Goldfarb: When Quality Was Really on Sale
Sequoia's Bob Goldfarb reminisces about buying great companies at single-digit multiple valuations in the mid-1970s.
Mike Breen: Bob, you've been at the firm for 40 years now?
Robert Goldfarb: Thirty nine. Going on my 40th.
Breen: The fund is 40 years old. For background, Bill Ruane started the firm to take the investors from Warren Buffett's partnership when he was closing it down. What have you seen change over that long period of time in terms of the market or the challenges with assessing management or companies, or is it still the same?
Goldfarb: Well, it was a lot easier in the 1970s. It really was.
Breen: I'm old enough to remember that time; David's probably not,
Goldfarb: We had a very difficult period in '73 and '74. Even going back to '72, when the Nifty 50 took off--that wasn't for us, those valuations. So we were in small- or mid-cap companies. And at the bottom in '74, our companies were selling at two and three times earnings. ... Prior to '73 and '74, we usually had to choose between quality and price and value. But beginning in '74, we didn't have to compromise on quality.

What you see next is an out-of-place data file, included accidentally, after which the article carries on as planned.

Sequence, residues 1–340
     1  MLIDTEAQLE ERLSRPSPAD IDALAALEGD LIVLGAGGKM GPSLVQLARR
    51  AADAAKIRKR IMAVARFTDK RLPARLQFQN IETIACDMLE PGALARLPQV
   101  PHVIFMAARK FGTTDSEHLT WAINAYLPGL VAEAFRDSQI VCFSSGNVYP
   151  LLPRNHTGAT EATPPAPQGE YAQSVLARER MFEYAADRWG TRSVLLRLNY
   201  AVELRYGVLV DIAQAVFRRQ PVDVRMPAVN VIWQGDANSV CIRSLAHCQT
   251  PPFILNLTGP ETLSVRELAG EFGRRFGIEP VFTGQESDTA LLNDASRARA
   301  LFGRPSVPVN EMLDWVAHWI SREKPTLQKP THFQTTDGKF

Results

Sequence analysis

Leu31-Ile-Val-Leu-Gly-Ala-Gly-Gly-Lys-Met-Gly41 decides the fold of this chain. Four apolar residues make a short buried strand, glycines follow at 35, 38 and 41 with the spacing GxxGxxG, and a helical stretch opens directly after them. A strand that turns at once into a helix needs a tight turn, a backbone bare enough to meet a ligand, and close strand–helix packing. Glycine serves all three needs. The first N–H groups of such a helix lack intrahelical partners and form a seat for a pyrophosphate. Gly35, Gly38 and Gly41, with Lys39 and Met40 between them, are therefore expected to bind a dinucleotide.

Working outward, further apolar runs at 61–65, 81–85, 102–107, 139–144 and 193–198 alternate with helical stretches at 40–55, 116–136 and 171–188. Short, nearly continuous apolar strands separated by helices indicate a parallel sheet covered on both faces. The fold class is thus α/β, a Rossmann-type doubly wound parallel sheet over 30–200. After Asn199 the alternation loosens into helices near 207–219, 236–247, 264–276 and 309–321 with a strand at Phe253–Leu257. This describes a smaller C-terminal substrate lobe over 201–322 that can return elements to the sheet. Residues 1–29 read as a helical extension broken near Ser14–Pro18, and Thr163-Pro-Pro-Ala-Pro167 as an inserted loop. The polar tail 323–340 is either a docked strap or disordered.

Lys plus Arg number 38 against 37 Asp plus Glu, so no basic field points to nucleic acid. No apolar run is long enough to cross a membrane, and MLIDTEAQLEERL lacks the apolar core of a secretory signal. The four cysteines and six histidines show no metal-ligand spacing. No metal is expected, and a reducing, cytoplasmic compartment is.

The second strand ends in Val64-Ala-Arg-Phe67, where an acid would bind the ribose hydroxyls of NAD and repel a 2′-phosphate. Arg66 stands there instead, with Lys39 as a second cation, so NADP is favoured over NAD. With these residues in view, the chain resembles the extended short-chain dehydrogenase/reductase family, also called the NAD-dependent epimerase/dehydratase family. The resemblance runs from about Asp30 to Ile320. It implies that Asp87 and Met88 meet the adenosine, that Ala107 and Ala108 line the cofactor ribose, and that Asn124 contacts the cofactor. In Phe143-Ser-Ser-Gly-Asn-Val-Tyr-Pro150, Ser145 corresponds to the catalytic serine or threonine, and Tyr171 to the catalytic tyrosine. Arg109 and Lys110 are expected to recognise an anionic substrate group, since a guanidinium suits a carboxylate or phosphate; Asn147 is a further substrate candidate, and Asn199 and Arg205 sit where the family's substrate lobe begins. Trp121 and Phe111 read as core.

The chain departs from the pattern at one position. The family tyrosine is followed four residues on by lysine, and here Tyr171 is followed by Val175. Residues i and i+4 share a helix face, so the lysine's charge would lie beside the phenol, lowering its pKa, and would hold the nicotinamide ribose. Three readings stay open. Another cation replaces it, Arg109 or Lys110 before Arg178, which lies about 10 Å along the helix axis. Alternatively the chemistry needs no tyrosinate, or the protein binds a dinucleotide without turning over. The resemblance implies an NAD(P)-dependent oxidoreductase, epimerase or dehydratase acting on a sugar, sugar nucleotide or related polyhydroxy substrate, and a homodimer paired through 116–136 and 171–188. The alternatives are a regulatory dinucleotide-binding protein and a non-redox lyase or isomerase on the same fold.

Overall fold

So we just went for some of the best companies in United States, which we hadn't owned heretofore, because they were available at single-digit multiples. We really feasted. The only downside was that we got so accustomed to buying great companies at single-digit multiples that we weren't prepared for the day when that would no longer be the case, and logically it shouldn't be. So, I'd say that's the biggest single difference.
Breen: Fantastic. You guys have delivered for your shareholders over an incredibly long period of time. So congratulations on your award this year, the Fund Managers of the Year. It's kind of a lifetime achievement award as well, because you guys have been great stewards, and delivered a good shareholder experience, good risk-reward profile. [You] maybe [are] not going to do the best in super-buoyant markets, but you deliver solid returns and, by our numbers, lose less than half or half of what the funds in your peer group do in down markets. So it's a fund that folks can stick with and have stuck with, which is very impressive. So thank you very much.
Poppe: Thank you.
Goldfarb: Thank you.
Michael Breen does not own (actual or beneficial) shares in any of the securities mentioned above. Find out about Morningstar’s editorial policies.